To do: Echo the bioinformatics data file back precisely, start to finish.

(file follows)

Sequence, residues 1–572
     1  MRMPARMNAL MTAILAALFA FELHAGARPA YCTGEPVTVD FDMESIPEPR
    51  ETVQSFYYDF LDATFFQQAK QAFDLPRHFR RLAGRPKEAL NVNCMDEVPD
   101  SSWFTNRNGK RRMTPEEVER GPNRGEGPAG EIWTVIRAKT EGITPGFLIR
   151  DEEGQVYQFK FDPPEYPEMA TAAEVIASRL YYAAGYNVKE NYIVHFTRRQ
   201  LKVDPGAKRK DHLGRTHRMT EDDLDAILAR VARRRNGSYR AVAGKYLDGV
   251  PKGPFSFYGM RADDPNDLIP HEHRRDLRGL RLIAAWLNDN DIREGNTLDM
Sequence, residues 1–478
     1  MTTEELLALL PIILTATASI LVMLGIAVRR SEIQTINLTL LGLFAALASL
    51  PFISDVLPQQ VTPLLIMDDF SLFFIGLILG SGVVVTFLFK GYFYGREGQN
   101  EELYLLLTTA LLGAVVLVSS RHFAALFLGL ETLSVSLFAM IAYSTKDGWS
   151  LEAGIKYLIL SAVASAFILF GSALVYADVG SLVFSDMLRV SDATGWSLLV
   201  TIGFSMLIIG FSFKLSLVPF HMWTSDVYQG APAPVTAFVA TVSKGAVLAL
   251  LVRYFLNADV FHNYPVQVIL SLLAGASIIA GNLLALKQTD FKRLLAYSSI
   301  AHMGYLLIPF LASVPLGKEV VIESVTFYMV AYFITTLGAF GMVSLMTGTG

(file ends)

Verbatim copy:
Sequence, residues 1–572
     1  MRMPARMNAL MTAILAALFA FELHAGARPA YCTGEPVTVD FDMESIPEPR
    51  ETVQSFYYDF LDATFFQQAK QAFDLPRHFR RLAGRPKEAL NVNCMDEVPD
   101  SSWFTNRNGK RRMTPEEVER GPNRGEGPAG EIWTVIRAKT EGITPGFLIR
   151  DEEGQVYQFK FDPPEYPEMA TAAEVIASRL YYAAGYNVKE NYIVHFTRRQ
   201  LKVDPGAKRK DHLGRTHRMT EDDLDAILAR VARRRNGSYR AVAGKYLDGV
   251  PKGPFSFYGM RADDPNDLIP HEHRRDLRGL RLIAAWLNDN DIREGNTLDM
Sequence, residues 1–478
     1  MTTEELLALL PIILTATASI LVMLGIAVRR SEIQTINLTL LGLFAALASL
    51  PFISDVLPQQ VTPLLIMDDF SLFFIGLILG SGVVVTFLFK GYFYGREGQN
   101  EELYLLLTTA LLGAVVLVSS RHFAALFLGL ETLSVSLFAM IAYSTKDGWS
   151  LEAGIKYLIL SAVASAFILF GSALVYADVG SLVFSDMLRV SDATGWSLLV
   201  TIGFSMLIIG FSFKLSLVPF HMWTSDVYQG APAPVTAFVA TVSKGAVLAL
   251  LVRYFLNADV FHNYPVQVIL SLLAGASIIA GNLLALKQTD FKRLLAYSSI
   301  AHMGYLLIPF LASVPLGKEV VIESVTFYMV AYFITTLGAF GMVSLMTGTG